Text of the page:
Once again flu season is upon us and it is time to prepare for this years epidemic. During the influenza season, all it takes is one person infected with influenza to trigger an outbreak. In the U.S., these outbreaks usually occur between November and April. They erupt quickly in different regions and spread out in an ever - widening geographic circle for 2 to 3 weeks. The influenza virus is spread predominantly by sneezing, coughing, and even talking.
Once the virus has been absorbed in the respiratory tract it begins to replicate. The incubation period-from initial exposure to onset of symptoms and/or virus shedding-lasts between 18-72 hours. At this point, initial signs and symptoms of influenza, such as the sudden onset of fever, cough, and aches, begin to appear throughout the body. This usually indicates that the symptoms have become constitutional and are not limited to the respiratory tract. This period lasts about 5 to 10 days, at which point the infection has run its course, and the virus is no longer detectable in the body.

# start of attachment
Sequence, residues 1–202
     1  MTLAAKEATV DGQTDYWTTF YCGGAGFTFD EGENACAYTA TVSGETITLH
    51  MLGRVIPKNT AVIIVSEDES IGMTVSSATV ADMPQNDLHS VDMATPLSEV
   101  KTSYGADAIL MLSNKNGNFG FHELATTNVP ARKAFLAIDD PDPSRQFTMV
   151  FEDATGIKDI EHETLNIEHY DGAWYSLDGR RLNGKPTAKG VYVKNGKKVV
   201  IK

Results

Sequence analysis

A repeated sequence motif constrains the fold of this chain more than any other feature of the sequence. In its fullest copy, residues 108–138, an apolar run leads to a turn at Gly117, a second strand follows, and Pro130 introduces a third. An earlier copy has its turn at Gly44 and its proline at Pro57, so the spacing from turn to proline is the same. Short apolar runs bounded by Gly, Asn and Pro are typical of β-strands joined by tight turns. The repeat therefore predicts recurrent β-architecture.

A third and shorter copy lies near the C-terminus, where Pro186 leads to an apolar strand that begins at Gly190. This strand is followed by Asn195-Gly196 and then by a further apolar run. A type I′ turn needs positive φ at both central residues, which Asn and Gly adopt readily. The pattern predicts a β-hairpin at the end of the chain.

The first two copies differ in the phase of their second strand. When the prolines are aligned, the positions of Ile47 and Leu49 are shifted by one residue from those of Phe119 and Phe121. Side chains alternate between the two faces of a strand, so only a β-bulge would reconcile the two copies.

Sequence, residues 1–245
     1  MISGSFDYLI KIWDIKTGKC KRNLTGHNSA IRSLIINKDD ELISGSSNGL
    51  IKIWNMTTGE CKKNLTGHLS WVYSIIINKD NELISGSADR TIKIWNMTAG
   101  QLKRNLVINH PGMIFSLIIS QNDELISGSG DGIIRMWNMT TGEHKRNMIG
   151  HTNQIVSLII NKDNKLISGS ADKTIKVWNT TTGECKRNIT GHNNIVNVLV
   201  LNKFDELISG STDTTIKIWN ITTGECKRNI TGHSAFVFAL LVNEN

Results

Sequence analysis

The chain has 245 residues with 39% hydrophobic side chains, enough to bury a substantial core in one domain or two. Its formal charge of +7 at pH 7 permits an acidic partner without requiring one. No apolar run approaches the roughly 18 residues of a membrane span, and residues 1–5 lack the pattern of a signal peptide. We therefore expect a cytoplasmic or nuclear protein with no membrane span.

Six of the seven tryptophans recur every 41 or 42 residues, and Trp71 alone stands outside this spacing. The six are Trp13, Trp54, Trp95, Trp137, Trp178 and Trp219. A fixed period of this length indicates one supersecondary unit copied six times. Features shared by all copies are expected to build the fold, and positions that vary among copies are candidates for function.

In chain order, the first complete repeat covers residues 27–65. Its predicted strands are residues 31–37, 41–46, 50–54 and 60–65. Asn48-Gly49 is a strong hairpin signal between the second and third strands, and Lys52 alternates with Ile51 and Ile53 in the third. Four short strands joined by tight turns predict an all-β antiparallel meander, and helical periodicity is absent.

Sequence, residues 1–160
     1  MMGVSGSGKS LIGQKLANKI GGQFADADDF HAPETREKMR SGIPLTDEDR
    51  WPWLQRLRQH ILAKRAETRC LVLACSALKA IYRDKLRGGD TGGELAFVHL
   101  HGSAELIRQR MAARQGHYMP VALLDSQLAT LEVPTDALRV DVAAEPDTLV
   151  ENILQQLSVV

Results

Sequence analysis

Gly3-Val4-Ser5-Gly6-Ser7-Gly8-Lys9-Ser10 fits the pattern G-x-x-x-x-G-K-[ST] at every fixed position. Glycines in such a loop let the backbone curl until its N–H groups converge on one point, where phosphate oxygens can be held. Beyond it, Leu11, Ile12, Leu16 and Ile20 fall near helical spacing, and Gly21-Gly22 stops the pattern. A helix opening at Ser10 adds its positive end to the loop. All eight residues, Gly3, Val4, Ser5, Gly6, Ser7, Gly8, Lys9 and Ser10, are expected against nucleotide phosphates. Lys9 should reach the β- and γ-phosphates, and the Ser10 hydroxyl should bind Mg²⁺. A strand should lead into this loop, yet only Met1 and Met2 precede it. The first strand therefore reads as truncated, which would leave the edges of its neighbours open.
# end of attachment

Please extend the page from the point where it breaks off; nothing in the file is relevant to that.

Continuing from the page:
Each year, the influenza viruses mutate to change their outer surfaces, which leaves us vulnerable to catching the flu repeatedly. Each year on average in the U.S. influenza accounts for 20,000 to 40,000 deaths, and more than 300,000 hospitalizations. Most flu related hospitalizations are due to respiratory complications-the majority of which are seen in adults over 65 years. Flu related complications can occur at any age; however, the elderly and people with chronic health problems are much more likely to develop serious complications after influenza infection than are younger, healthier people.
Currently, vaccination is the primary preventive measure for influenza. For older folks, and those with chronic diseases, getting a flu shot may be the single most important thing they can do to stay well. Like last year, the CDC expects some delays in availability of flu vaccine supplies this season. However, it is projected that the total influenza vaccine supply for the 2001-2002 season is expected to increase over last season. During each month of the influenza season there should be a larger supply than was available last year. Further, projected delays in distribution are not expected to be as great as those experienced last season. New developments in the influenza vaccine supply status will be published as they become available. The use of antiviral drugs amantadine and rimantadine in the elderly and other high-risk people may also be considered. These compounds have been shown to be effective in preventing illness when taken throughout the period of exposure to virus during the flu season. They can also reduce the severity and duration of illness when taken early after the appearance of symptoms.
Source: Roche Pharmaceuticals,